“While the Jewish Social Service Agency had an extensive training program for hospice volunteers, it did not have a program specifically for residents with dementia living in nursing homes. None of the other social services programs in the county had a program to train nursing home visitors.”
Am Kolel’s first training program was offered on three Sundays in November and December last year for four hours each afternoon. Experts were brought in to help with the training. Among them were Anthony Hyatt, Creative Engagement Educator and board member of Aging and the Arts; social worker Franca Posner; nurse Susan Akers, instructor of Insight Meditation, and Wendy Miller, director of the Washington D.C. Center on Aging.
The 12 hours of training gave the volunteers an in-depth understanding of the causes and manifestations of dementia, as well as tools for speaking with residents and engaging them creatively through music, games, storytelling and role-playing exercises.
Dozens being visited
In January, 15 volunteers started regularly visiting 30 residents of four nursing homes in Montgomery County: Potomac Valley, Collingswood, Sligo Creek and Regency Care of Silver Spring.
Deborah Chandler, director of recreation of Sligo Creek Center, said the impact the volunteers has had on the residents has been profound — for both the patients and staff members.
She said it can be challenging for nursing homes to give consistent one-on-one time to patients. “What [the volunteers] do is personalized and nurturing. I think that’s the advantage of having them come in. They really get up close and personal with the residents, and get to know them, their hobbies, likes and dislikes.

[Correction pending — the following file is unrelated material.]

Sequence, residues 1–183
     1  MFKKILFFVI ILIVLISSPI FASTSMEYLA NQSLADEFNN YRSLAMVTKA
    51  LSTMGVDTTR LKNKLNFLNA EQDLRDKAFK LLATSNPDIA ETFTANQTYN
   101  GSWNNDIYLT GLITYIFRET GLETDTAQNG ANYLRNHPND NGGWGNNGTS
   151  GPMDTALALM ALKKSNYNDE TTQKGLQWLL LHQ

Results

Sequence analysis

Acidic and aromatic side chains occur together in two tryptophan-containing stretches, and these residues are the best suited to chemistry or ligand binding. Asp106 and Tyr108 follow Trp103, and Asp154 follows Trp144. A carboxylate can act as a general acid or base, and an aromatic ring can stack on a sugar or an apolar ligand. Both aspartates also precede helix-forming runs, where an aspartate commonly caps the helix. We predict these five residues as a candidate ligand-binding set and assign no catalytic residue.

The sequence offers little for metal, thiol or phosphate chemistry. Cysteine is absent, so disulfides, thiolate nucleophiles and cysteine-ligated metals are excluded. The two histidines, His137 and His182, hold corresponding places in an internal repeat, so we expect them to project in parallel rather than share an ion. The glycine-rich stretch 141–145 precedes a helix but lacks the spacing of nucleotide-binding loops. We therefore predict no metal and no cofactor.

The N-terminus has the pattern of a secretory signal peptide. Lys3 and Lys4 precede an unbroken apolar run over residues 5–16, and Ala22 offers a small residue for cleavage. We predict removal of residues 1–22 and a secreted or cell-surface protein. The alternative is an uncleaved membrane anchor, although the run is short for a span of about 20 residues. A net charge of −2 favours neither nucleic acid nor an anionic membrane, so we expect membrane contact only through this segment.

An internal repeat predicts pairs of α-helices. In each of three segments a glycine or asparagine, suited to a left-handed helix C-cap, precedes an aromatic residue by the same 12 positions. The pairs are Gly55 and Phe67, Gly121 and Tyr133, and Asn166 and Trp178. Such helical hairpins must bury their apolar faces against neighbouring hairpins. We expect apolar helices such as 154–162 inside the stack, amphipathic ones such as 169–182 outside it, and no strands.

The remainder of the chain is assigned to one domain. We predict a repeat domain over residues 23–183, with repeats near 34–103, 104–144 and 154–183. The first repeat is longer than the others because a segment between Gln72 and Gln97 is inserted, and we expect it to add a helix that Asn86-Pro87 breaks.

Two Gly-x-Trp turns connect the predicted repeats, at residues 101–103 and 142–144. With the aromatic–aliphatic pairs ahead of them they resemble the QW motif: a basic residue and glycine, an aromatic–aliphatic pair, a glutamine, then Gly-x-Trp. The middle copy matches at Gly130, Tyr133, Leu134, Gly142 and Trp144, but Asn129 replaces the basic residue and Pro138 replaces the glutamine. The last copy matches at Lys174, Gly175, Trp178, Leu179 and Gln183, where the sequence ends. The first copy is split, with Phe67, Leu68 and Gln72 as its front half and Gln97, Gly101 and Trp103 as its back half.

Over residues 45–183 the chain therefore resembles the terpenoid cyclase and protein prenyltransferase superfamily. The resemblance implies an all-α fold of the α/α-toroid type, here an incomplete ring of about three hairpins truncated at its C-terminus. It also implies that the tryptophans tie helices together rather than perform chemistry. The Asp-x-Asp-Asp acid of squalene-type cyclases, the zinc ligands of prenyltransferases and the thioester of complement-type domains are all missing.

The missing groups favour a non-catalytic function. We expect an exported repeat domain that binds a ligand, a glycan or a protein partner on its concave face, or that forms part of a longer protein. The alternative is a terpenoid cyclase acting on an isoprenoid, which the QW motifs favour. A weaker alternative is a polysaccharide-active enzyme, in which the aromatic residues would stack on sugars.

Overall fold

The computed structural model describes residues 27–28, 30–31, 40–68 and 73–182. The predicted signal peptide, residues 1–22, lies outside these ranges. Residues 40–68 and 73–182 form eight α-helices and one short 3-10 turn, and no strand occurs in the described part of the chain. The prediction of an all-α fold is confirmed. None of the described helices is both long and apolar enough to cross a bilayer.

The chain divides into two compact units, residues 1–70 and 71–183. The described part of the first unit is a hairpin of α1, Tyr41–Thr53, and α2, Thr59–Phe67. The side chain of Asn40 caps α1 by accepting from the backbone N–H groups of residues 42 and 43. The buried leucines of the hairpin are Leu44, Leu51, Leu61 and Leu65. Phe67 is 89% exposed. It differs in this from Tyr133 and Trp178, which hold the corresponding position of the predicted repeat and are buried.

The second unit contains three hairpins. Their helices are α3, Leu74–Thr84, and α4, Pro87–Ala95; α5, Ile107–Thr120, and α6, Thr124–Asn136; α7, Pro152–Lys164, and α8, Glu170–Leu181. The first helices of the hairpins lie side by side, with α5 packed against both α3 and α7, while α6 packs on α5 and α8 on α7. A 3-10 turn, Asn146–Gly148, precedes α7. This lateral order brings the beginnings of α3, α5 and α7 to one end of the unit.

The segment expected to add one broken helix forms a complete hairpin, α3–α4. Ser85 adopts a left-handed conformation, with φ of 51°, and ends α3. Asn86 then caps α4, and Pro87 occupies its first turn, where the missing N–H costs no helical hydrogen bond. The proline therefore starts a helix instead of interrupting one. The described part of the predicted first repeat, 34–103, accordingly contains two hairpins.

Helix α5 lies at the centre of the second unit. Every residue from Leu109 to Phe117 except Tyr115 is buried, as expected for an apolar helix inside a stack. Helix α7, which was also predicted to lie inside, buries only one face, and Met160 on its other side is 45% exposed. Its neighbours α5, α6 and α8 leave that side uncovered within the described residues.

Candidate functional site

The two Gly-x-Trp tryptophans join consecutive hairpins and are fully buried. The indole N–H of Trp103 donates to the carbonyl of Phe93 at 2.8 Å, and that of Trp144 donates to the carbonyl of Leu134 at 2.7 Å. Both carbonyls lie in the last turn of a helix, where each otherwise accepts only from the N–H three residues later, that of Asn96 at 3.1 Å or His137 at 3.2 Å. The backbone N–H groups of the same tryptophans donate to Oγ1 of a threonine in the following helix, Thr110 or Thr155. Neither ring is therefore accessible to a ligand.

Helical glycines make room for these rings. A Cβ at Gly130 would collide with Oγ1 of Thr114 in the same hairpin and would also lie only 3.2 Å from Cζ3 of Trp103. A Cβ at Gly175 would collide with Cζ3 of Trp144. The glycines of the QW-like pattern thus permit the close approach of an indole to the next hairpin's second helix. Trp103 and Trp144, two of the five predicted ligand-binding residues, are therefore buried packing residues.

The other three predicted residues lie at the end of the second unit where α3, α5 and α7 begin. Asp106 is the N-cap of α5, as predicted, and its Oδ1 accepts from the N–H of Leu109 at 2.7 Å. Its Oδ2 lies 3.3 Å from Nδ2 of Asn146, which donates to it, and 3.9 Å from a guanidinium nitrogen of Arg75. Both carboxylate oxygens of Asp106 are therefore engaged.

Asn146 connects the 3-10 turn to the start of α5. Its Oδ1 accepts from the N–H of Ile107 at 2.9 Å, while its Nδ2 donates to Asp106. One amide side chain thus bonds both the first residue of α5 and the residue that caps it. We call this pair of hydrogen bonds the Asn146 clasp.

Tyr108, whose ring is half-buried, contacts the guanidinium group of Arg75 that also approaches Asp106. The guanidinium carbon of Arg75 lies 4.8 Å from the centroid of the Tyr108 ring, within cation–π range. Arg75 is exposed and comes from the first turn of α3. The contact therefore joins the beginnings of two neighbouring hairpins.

“They have the time to give to that resident,” Chandler said. “So let’s say while we only have 10 minutes, they have 45 minutes to two hours.”
Wortman became a VPPD volunteer because he wants to help change the perceptions of dementia by taking action so that others will follow. Wortman believes many people “come from a prejudiced mindset…[where] there is a stigma and fear of the unknown.”
But “people with Alzheimer’s are like all people,” he said. “They have intellectually attuned minds; [they] just don’t remember something you said five minutes ago.”
“The little time it takes to connect with them really makes a difference,” Wortman said. He likes to encourage volunteers to “be with people with dementia.”
VPPD hopes to double the number of volunteers they train, the number of nursing homes served, and the number of residents visited.
Shneyer, who also volunteers, added: “Our goal is to become sort of a new friend or extended family [to patients]. A person that they can share their memories with — of their families, of their life.”
Those interested in volunteering for the VPPD may email email@example.com or firstname.lastname@example.org, or call (301) 349-2799.
The organization is also seeking additional funding and welcomes donations. Tax deductible contributions can be sent to Am Kolel VPPD at 19520 Darnestown Road, Beallsville, MD 20839.